Watch The Hitch-Hiker by Ida Lupino (the Only Female Director of a 1950s Noir Film)


In our enlight­ened times, film direct­ing has become a rea­son­ably open pro­fes­sion, admit­ting men, women, and — giv­en the plum­met­ing cost of pro­duc­tion equip­ment — chil­dren alike. But imag­ine how it would’ve been in 1949, when the Eng­lish-born actress Ida Lupino took the reins of Not Want­ed from the pro­jec­t’s ail­ing direc­tor Elmer Clifton. This would­n’t have seemed nor­mal at the time, and it would’ve seemed even less nor­mal that she went on to direct six more pic­tures. Her fifth, 1953’s The Hitch-hik­er, even entered the tra­di­tion of noir, one rarely asso­ci­at­ed with female writ­ers or direc­tors. Femmes fatales, sure — these sto­ries could scarce­ly exist with­out them — but women behind the cam­era?

To add a lay­er of irony on top of the unlike­li­ness, The Hitch-hik­er does away with any trace of overt wom­an­ly pres­ence. By the time we get to know the film’s hap­less pro­tag­o­nists, a cou­ple of bud­dies who look and act like fresh-cut slabs of all-Amer­i­can bland­ness, they’ve already told their wives they’re off to a fish­ing trip, and they’ll get back when they get back.

Bear­ing straight south down the open road, no soon­er do they reach Mex­i­co than they pick up a hitch­hik­er. By the time they come to under­stand that this black-clad, lumpy-fea­tured fel­low has killed before, may well kill again, and intends to mount a cease­less cam­paign of psy­cho­log­i­cal manip­u­la­tion in order to get a ride to his free­dom, we under­stand why hitch­hik­ing has gone out of style. You can find out how things turn out for them by watch­ing the whole thing, free on YouTube.

Lupino’s film does­n’t just remove the women from the noir for­mu­la; it leaves aside most of the dark­ness implic­it in the gen­re’s very name. Apart from a few tense night­time scenes and a cli­mac­tic chase through an after-hours ship­yard, the bulk of The Hitch-hik­er’s action takes place under a harsh Mex­i­can sun that bleach­es out near­ly every­thing but the jagged shad­ows cast by unearth­ly rock for­ma­tions along the emp­ty road. Though actu­al­ly shot on the east­ern slopes of the Sier­ra Neva­da moun­tains, the movie takes its for­eign set­ting seri­ous­ly, offer­ing sev­er­al rel­a­tive­ly extend­ed sequences and exchanges con­duct­ed entire­ly in untrans­lat­ed Span­ish. By the stan­dards of mid­cen­tu­ry Amer­i­can genre film, this near­ly counts as an act of rad­i­cal artis­tic exper­i­men­ta­tion. Yes, The Hitch-hik­er plays a bit broad­ly today and leans on a few tropes that must have seemed creaky even in 1953, but it remains an unusu­al enough entry in noir his­to­ry to mer­it atten­tion — and not just because of the sex of the direc­tor.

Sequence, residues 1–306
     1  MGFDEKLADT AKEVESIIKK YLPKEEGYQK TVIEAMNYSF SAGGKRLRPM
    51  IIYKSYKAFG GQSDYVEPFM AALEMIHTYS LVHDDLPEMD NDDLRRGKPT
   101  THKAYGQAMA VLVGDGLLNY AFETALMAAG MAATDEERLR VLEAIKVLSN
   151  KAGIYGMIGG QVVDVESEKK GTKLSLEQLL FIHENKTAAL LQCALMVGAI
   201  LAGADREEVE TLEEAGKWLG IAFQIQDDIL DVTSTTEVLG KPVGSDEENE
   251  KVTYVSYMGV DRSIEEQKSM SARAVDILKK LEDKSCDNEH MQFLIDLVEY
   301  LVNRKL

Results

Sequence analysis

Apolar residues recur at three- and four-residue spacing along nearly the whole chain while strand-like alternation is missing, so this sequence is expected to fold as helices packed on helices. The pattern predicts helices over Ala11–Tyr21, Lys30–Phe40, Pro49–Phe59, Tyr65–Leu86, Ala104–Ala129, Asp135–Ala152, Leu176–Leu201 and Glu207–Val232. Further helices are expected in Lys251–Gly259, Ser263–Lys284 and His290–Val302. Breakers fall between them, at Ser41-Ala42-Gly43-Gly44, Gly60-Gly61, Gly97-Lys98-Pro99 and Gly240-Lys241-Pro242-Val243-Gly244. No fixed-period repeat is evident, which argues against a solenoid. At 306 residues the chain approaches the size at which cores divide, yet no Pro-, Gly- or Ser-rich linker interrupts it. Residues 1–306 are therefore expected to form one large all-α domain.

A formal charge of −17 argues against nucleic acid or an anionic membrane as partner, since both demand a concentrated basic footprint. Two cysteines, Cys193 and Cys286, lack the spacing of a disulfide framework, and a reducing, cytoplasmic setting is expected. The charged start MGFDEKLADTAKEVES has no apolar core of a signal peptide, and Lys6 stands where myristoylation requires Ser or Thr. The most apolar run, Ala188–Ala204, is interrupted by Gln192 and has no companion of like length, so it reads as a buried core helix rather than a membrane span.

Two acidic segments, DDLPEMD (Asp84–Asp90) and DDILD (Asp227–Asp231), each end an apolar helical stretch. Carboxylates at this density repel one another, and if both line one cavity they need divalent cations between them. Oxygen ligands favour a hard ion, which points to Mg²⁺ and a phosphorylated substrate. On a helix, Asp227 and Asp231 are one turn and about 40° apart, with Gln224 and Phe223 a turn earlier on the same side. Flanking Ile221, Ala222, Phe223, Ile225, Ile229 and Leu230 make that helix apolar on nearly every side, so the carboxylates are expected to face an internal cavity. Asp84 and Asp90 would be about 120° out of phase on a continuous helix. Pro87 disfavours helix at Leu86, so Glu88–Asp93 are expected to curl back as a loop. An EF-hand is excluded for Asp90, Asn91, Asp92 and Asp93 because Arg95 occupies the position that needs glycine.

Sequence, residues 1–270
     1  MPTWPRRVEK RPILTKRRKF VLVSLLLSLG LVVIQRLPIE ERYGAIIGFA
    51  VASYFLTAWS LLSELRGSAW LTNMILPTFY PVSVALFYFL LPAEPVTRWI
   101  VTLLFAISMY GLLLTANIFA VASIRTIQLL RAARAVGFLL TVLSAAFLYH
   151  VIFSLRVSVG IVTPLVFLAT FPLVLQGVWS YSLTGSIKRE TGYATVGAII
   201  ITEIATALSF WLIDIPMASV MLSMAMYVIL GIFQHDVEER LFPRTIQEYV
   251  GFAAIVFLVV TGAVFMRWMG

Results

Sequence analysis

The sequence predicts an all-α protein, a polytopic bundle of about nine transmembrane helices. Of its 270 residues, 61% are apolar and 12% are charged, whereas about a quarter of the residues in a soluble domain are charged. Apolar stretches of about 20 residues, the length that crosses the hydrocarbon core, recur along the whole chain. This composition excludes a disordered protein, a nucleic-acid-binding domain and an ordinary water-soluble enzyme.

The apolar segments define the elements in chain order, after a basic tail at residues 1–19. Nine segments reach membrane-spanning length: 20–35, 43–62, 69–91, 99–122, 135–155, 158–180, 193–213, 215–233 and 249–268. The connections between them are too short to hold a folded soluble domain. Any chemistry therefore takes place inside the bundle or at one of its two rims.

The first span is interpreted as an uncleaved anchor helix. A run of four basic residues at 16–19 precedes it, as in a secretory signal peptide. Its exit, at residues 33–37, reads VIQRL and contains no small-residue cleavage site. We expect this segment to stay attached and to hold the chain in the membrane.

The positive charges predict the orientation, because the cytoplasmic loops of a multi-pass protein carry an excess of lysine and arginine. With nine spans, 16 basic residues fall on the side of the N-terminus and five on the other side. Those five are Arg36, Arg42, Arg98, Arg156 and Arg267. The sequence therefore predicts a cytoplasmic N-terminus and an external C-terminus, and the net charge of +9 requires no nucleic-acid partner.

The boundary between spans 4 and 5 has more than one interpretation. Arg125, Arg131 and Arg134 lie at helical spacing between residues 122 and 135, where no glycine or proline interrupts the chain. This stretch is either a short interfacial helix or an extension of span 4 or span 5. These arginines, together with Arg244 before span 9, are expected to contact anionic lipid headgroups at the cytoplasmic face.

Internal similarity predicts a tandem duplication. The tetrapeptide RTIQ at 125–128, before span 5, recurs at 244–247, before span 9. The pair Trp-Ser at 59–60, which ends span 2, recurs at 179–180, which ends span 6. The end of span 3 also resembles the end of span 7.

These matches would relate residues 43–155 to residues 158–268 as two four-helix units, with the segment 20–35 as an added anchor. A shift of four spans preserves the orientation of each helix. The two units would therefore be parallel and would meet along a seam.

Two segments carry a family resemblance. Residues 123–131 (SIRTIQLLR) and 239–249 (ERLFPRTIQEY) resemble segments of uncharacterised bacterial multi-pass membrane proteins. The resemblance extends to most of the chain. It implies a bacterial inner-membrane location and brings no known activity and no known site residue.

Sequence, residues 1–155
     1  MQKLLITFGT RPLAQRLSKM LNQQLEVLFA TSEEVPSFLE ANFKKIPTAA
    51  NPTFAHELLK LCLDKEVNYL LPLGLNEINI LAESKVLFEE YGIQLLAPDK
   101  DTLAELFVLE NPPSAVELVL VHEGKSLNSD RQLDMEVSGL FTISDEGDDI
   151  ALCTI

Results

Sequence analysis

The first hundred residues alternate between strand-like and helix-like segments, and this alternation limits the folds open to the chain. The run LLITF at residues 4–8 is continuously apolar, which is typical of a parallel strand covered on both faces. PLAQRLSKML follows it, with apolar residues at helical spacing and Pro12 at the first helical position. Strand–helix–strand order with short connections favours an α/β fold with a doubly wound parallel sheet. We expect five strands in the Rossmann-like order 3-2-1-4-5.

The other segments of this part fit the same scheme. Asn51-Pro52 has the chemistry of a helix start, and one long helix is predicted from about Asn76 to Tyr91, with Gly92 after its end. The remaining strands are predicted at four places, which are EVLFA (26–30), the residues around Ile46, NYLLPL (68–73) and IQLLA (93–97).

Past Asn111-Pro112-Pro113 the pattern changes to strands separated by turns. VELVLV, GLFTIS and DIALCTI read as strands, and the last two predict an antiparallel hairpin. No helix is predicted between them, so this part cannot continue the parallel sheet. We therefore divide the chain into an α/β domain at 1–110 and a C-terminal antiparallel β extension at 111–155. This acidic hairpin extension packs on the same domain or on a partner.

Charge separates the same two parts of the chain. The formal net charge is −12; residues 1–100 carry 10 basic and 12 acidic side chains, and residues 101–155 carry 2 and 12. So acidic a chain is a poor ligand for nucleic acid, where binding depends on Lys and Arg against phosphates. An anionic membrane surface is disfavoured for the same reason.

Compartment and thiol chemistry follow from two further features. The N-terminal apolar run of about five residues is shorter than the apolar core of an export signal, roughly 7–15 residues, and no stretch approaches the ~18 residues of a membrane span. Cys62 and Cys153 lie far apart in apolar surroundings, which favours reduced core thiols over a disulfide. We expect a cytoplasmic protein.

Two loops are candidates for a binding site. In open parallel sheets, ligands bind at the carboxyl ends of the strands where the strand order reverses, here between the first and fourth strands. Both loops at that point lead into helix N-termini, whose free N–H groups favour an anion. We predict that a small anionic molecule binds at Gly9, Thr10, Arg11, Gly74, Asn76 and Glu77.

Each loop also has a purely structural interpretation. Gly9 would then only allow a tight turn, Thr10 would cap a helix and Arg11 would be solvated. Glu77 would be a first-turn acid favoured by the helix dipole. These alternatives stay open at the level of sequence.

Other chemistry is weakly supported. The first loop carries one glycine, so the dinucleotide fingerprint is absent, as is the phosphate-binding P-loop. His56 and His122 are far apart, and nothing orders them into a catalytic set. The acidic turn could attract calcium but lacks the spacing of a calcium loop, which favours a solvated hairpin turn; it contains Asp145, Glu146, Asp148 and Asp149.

You can find The Hitch-hik­er and oth­er films by Ida Lupino in our col­lec­tion 4,000+ Free Movies Online: Great Clas­sics, Indies, Noir, West­erns, Doc­u­men­taries & More, and in our spe­cial col­lec­tion of Free Noir Films.

Col­in Mar­shall hosts and pro­duces Note­book on Cities and Cul­ture. Fol­low him on Twit­ter at @colinmarshall.

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